Sneezes. Runny noses. Dirt on hands. Colds and infectious bacterias have no offseason in American schools, where they’re present from August through June.
These enemies of education cause the country’s school kids to miss millions of days of school annually, and make teachers’ jobs of enlightening America’s future even harder. The National Center for Health Statistics estimates U.S. Elementary and high school students miss 144 million school days of valuable learning time per year to illness.
According to an in-depth 2012 study by Kimberly-Clark on health issues in America’s colleges, high school and elementary schools, students lose 189 million school days to illness annually. The report found influenza leads to 38 million student absences per year. The average student misses 4.5 school days annually due to illness. Even worse, teachers miss on average of 5.3 school days per year.
Schools spend $2 billion annually on substitute teachers to cover teachers’ lost days.
The epidemic of absenteeism starts with presenteeism – kids coming to school sick. The Healthy Schools Project estimates 25% of America’s school kids come to school sick daily. When under-the-weather kids touch doorknobs, keyboards, desks, water fountains and more – instantly turning them into bacteria hot zones and leaving germs that can live up to 48 hours. Other students and teachers pick up those germs and the lousy game of school sickness continues. The fallout gets worse as student absences have been linked to lower achievement and higher school dropout rates. Meanwhile, the Healthy Schools Project reports parents are also knocked out by school sickness. American workers lose 126 million lost work days annually to care for sick children.
But many schools have turned to automatic hand sanitizer dispensers as a proven, reliable ally in the war against communicable illnesses, and are already realizing the positive results.
The CDC calls proper hand hygiene the best defense against the spread of infections in America’s schools. Hand washing has long been proven the best control measure against microbes, but kids’ active school schedules often prevent them from adhering to a regular washing routine. And, we know kids’ preference is also a speed washing technique that can leave some bacteria loose and free to harm them, and their classmates.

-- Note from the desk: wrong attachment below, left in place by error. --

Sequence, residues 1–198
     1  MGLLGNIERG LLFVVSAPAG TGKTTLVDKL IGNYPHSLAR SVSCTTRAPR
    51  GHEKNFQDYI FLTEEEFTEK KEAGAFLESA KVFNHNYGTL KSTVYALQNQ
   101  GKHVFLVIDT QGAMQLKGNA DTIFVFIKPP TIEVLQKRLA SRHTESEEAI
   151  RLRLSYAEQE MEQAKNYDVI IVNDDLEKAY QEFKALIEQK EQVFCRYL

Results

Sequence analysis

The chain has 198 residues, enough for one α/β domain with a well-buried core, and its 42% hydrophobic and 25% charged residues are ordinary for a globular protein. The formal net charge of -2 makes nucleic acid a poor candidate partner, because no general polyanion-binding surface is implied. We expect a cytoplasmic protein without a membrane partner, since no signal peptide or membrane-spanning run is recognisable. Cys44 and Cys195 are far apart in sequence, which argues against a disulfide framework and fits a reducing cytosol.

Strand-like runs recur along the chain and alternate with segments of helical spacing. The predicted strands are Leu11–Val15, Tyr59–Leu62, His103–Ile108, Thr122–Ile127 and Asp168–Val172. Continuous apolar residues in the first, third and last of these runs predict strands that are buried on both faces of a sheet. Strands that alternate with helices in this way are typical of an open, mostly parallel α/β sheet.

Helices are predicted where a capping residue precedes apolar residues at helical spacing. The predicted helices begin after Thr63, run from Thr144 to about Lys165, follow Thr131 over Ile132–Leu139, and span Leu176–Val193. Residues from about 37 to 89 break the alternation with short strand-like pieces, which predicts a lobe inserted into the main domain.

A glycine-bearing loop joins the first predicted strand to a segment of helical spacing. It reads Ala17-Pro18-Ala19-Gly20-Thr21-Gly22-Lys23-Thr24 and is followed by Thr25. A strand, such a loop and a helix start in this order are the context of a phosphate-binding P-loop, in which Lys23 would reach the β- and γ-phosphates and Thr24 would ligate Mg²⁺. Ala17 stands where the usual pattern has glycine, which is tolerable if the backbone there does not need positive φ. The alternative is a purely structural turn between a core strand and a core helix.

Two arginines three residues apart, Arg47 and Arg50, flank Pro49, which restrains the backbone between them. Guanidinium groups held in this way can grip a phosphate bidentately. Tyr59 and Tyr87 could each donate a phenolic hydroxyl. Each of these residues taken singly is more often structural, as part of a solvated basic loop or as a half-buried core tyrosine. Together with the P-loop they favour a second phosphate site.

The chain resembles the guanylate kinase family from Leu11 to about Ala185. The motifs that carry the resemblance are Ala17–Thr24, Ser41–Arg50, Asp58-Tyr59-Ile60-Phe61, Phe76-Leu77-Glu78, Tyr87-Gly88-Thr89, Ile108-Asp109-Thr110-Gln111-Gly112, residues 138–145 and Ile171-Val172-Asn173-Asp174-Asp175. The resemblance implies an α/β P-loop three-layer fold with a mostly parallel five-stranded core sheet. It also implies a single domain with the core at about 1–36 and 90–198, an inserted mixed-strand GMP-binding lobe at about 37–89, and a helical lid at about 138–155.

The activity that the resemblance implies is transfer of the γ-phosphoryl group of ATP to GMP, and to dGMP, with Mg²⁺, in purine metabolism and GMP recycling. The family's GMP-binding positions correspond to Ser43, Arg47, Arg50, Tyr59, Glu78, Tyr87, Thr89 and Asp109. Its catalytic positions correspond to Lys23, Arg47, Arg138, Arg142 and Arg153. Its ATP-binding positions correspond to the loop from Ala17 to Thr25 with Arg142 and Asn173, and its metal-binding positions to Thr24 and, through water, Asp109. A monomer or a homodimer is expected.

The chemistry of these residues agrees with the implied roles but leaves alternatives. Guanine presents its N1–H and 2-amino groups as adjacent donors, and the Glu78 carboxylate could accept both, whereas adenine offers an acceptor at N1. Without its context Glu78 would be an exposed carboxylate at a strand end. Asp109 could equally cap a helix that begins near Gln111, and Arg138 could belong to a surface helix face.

To get a full tissue on the immense problem of communicable diseases in schools, administrators are actively considering alternative, affordable hand hygiene techniques. Numerous studies, including research by the CDC, have found hand sanitizers to be a valuable asset in stemming the tide of the spread of bacteria and contagions in schools. And many schools are finding touch-free hand sanitizer dispensers to be a clean, efficient way of making their schools healthier.
Alcohol-based sanitizers have been found to quickly reduce the number of microbes on hands. Sanitizers do not eliminate all types of germs but – as the CDC reported in its a Show Me The Science feature – alcohol-based hand sanitizers can deactivate many types of microbes when used correctly.
Additionally, a 2007 study by Europe PubMed Central that tested the efficiency of alcohol-based sanitizers against standard hand washing in reducing illness and subsequent absenteeism in school-age children in 18 classrooms of 2nd and 3rd grade students, found hand sanitizers to be an appropriate alternative to hand washing for hand cleansing and may offer benefits in the school setting. The study’s focus group of teachers and school nurses also found school children to prefer hand sanitizers over soap and water.
Plus, the CDC recommends the use of hand sanitizers as a support component of hand hygiene in schools to slow the spread of seasonal illnesses and H1N1 influenza.
Automatic dispensers have a higher initial cost but can save immensely on product and maintenance costs by requiring less refills and creating less waste – up to 25 percent in some studies. Small squeeze bottles and pumps can get lost, misplaced and incorrectly disposed of.
Proper placement of the dispensers plays a huge role in their effectiveness. Hand hygiene products need to be placed where students need them the most: contagion hot zones.
Automatic hand sanitizers are a triple win for schools. They reduce product and maintenance costs and waste less. Foam hand sanitizer products cling to kids’ hands, preventing dripping on floors.
Most importantly, they make America’s school kids healthier.
Not only can hand sanitizer and automatic dispensers reduce absenteeism and help create a healthier classroom, but they enable school districts to save significant costs in their annual budgets – money that can be redirected to their No. 1 mission: Educating America’s future.